NOTE To New Readers: This Saturday blog is not a standard historical narrative. Watch this short video, which explains our purpose. Click here.
Rodes was unlike most other Rebel commanders. He was young, handsome, and described by one historian as “a Norse God in Confederate gray.” He was not educated at West Point, but instead graduated from the Virginia Military Institute where eventually he became a math teacher.
Once the war began, he recruited a company of Alabamians and became its commanding officer. He performed so well in one battle that his superior, West Pointer James Longstreet, observed his “coolness, ability, and determination.” Another Rebel observer wrote that after he would attend to some detail with his men, he would “ride on again, humming to himself and catching the ends of his long, tawny moustache between his lips.” In short, he enjoyed his work.
Rodes suffered injuries in two separate battles, yet his continued bravery earned him a promotion to Major General just before Gettysburg. He became a headstrong commander who took immediate action whenever he saw the opportunity, and his superiors’ expectations were growing with each success. But his aggressiveness was going to be used mindlessly as he charged towards his next challenge.
During the battle Rodes went prematurely into an attack posture before learning the strengths and weaknesses of his opponent. Although his charge was successful, it proved too expensive with the loss of some twenty-five hundred men. Instead of taking advantage of an accomplishment, he stopped to reorganize his men when it was more critical to quickly rush and overtake an enemy in chaos. Recognition now came in the form of disapproving comments from associate officers and ordinary privates. He was never again considered a rising star in the officer class, and was never again considered for further promotion. Instead of changing him, the battle marked him.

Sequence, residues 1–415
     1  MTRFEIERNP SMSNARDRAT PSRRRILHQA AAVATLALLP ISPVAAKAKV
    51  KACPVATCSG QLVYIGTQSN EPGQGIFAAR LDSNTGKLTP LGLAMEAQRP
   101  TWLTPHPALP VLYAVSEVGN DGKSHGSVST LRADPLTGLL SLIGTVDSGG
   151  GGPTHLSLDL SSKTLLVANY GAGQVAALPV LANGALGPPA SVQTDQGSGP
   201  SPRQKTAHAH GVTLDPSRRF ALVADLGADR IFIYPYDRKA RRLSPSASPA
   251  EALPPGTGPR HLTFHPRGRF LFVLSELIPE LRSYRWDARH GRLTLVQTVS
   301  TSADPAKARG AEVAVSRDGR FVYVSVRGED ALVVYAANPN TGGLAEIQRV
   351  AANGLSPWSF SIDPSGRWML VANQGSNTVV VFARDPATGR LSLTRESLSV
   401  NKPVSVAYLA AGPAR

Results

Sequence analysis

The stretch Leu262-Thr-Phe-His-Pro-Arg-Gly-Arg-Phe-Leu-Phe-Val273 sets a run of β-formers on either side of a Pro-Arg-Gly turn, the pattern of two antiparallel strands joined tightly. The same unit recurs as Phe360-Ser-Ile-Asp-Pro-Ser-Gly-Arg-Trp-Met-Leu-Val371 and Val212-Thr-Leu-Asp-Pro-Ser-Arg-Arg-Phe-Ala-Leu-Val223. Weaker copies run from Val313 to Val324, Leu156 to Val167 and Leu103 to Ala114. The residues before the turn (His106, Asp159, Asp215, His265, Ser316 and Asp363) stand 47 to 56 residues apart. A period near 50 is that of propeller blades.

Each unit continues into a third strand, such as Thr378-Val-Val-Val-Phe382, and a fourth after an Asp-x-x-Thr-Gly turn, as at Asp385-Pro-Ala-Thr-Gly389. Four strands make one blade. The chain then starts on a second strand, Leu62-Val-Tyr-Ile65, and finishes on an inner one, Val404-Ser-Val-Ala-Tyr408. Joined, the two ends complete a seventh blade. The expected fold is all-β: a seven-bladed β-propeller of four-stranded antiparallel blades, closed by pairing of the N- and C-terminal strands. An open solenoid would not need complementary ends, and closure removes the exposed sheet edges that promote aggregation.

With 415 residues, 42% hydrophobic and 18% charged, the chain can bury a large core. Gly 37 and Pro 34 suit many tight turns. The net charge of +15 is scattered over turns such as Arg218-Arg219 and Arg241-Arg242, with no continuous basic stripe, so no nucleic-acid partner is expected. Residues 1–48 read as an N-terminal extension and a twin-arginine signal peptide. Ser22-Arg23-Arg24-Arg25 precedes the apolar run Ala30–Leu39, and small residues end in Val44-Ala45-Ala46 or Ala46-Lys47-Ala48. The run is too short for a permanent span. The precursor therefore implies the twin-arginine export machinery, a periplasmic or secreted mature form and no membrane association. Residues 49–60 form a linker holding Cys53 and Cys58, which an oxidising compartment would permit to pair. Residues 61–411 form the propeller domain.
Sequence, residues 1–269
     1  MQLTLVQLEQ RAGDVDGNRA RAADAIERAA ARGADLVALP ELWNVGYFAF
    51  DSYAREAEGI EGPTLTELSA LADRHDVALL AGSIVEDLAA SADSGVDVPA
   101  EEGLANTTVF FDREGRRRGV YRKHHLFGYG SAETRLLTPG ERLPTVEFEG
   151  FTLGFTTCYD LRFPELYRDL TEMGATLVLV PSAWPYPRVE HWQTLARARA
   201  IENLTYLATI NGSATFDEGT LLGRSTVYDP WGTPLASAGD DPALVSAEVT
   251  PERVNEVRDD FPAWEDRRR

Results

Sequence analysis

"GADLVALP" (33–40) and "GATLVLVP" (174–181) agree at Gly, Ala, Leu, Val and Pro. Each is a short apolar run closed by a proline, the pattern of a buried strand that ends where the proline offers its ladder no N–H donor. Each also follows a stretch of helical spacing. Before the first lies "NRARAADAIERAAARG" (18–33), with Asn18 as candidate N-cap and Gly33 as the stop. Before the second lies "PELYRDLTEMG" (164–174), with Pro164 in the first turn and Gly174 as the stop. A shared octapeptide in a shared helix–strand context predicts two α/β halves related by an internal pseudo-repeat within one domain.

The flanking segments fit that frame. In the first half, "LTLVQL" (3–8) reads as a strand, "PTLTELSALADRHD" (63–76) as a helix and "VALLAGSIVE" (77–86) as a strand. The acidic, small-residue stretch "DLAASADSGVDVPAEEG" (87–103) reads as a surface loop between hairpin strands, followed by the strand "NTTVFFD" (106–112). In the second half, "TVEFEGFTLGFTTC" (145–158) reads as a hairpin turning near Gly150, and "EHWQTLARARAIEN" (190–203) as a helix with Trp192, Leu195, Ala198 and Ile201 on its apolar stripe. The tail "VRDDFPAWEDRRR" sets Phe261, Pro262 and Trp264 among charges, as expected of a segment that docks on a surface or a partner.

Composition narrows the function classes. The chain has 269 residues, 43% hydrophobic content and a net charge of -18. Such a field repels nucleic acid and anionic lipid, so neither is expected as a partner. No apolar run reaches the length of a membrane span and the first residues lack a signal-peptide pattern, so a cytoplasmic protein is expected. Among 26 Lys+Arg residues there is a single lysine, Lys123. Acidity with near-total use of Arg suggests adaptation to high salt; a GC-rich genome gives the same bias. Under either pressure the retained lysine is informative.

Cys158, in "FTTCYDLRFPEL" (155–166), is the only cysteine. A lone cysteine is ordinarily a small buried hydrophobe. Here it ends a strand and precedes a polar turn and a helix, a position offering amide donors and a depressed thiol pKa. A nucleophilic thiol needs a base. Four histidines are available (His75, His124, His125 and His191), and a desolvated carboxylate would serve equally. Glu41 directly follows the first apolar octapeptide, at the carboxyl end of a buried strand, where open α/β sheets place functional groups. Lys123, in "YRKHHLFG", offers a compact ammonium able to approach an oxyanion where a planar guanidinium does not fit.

Past performance is no guarantee of future success.
To rely on the successes of past performance, as Rhodes did, can lead to failure, or at least encourage a dangerous complacency that keeps you blind to failure. By their influence your past achievements can influence you to take on new and greater challenges, and give you that extra vigilance to minimize your mistakes.
Examine your options.
The average individual is exposed to thousands of advertisements daily, seeking to influence you to take advantage of “the opportunity of a lifetime.” Unlike Rodes, do your homework before acting. Check a proposition for its strengths and weaknesses. Failure to take time to investigate your options can spell disaster.
Copyright 2012 Paul Lloyd Hemphill